Archive | October, 2018

The Doge’s Palace, Venice D.18.10.31

30 Oct

In the late middle ages was the Doge’s Palace in Venice – located across the Venetian Lagoon. The Doge is the Venetian word for what other Italians call the duce, the duke, the leader.
The Doge’s palace was the place where the leader of Venice lived. Venice was a republic, and the Doge was an elected official, though he was elected to a lifetime term.
This made the Venetian government a little different than many other governments of this period.
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The Unrest of the Ages D.18.10.30

29 Oct

The 14th and 15th Centuries were not all doom and gloom. The disruptions of war, the plague and schism led people to seek new ways of living and thinking. This contributed to the rediscovery and re-imagining of classical culture that we now call the Italian Renaissance.
Once Europe began to recover from the plague, the economy flourished and urban life increased, especially in the wealthy trading areas of Northern Italy and the low countries of the mouth of the Rhine.
In many ways, it was this new urban culture in cities like Florence, Venice, and Antwerp that gave rise to the modern world.
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The Medieval Dispute in the Church D.18.10.29

28 Oct

The church dispute of the three popes in Europe was resolved in the early 15th Century, and the papacy returned permanently to Rome where it can still be found today.
There is no doubt that this major destabilization of the institution of the papacy laid the ground for the protestant reformation of the next century.
It was easier for Luther and others to reject papal authority since that authority had been so seriously put into question by the schism of the 14th Century.
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Changes in the Medieval Church D.18.10.28

27 Oct

The return of Pope Gregory XI from France to Rome in 1377, there was schism in the church which had to be healed.
At that time there were three different people claiming to be popes all at once. Different areas of Europe declared allegiance to different popes based not on religion but politics.
None of this had anything to do with doctrinal difference. It was whichever pope was thought to have more influence; Then that particular country would go that way.
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Medieval Local and Worldly Church Powers D.18.10.27

26 Oct

The popes of old times were concerned with worldly power as well as spiritual affairs. This made it obvious to everyone that the determining factors seemed to be politics and not religion.
In 1377, Pope Gregory XI decided to return to Rome from France. Enough was enough. Rather than settling issues the move made things worse.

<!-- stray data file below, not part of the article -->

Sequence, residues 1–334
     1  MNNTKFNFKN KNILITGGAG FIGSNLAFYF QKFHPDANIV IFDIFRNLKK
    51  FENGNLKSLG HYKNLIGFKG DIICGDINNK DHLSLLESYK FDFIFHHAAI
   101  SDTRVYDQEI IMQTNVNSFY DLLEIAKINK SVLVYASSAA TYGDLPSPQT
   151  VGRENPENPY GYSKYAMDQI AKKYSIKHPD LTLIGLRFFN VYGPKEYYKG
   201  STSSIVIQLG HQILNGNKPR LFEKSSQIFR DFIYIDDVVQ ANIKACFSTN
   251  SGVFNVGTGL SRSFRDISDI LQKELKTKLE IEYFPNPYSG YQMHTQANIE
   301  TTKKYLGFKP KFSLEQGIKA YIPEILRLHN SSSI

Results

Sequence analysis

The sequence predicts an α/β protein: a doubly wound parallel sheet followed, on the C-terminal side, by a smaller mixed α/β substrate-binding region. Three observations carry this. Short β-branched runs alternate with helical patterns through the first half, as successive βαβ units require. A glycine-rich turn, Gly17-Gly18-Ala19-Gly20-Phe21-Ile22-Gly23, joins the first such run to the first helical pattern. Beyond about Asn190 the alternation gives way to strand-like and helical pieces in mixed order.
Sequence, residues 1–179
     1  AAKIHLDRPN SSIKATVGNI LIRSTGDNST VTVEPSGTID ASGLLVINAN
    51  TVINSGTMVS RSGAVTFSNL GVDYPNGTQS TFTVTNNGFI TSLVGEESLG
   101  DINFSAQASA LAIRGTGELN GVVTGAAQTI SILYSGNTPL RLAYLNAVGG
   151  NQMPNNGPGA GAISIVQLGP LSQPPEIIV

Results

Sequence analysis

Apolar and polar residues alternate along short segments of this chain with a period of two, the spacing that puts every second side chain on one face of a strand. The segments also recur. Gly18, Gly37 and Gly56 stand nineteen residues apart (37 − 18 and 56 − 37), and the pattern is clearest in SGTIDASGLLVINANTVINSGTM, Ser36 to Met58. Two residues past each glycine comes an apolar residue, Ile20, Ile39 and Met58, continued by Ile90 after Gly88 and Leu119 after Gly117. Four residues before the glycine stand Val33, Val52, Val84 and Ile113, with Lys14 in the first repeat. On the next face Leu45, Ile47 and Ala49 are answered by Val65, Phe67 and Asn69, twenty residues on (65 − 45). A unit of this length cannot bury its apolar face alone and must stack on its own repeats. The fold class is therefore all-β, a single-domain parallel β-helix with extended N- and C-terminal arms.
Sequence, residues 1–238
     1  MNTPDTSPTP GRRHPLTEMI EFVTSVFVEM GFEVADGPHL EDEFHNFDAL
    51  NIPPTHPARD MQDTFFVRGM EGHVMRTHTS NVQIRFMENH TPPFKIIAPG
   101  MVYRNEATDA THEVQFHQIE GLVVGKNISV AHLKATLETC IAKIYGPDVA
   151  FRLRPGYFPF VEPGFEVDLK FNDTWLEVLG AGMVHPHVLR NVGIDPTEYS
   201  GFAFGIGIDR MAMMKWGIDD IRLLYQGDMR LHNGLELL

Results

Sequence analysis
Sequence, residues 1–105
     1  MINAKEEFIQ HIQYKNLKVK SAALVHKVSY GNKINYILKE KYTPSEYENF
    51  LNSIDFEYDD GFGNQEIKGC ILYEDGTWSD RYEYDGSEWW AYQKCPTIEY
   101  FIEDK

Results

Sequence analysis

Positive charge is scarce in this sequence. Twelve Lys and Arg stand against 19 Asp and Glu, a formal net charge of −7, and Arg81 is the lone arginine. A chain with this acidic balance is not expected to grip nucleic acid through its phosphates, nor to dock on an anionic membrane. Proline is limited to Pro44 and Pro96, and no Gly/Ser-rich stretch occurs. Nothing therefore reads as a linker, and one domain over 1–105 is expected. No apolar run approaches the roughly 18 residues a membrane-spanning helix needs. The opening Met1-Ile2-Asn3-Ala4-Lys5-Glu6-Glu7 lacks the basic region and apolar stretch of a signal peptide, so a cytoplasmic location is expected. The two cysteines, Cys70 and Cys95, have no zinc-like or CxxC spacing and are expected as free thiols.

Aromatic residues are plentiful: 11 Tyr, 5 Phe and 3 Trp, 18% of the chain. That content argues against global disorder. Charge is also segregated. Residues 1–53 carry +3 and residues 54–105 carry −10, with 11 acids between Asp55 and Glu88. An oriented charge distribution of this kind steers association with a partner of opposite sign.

Once Gregory left and went back to Rome, French cardinals elected a second Pope who stayed in Avignon.
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Pope and Power D.18.10.26

25 Oct

In 1309 the Pope, whose authority was based on his position as the successor of St. Peter as the bishop of Rome, left Rome with his court and moved to Avignon in the south of France.
Seven successive Popes lived in Avignon, not Rome and all were not surprisingly French. They lived in France, not for any religious reason but because of the influence of the French monarchy.
The French king wanted the Pope to live in France so that he would have more influence over him. This politicization of the papacy made the office seem less spiritual, and more obviously influenced by worldly power.
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Medieval Wars D.18.10.25

24 Oct

The Medieval wars saw great victories particularly by the English but none that were decisive. It wore on endlessly, devastating large areas and wrecking countless lives for more than the hundred years.
Religious faith often offered comfort for earthly misfortune. But in those years, the Catholic church was torn by a political conflict that massively undermined Papal authority.
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The 14th Century D.18.10.24

23 Oct

As if the Plague were not enough, the 14th Century was a time of almost constant warfare throughout much of Europe.
England and France were engaged in the aptly named Hundred Years War. Arising from the fact that the English king held title to French lands.
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Depopulation from the Medieval Plague D.18.10.23

22 Oct

Depopulation was an unimaginable tragedy. The labor shortages following the plague meant that there was more employment, and that workers had more power in the economy.
The traditional customs tying people to the land broke down, helping to move the economy from feudalism and serfdom to the beginnings of a modern wage economy.
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Medieval Medicine D.18.10.22

21 Oct

The plague spread throughout medieval Europe and given the rudimentary state of European medicine and science, no one at the time had any idea how the plague was spread.
They knew it was better to be in the country than in crowded cities but that was about it. The impact of the plague was enormous and hard to quantify, especially so long after the fact.
The scale of loss is hard to imagine. Many people at the time believed the plague had to be a punishment sent by God. That was the only thing that could explain such a massive and universal calamity. Some people turned to religion for comfort. Others focused instead on the immediate pleasures of earthly life.
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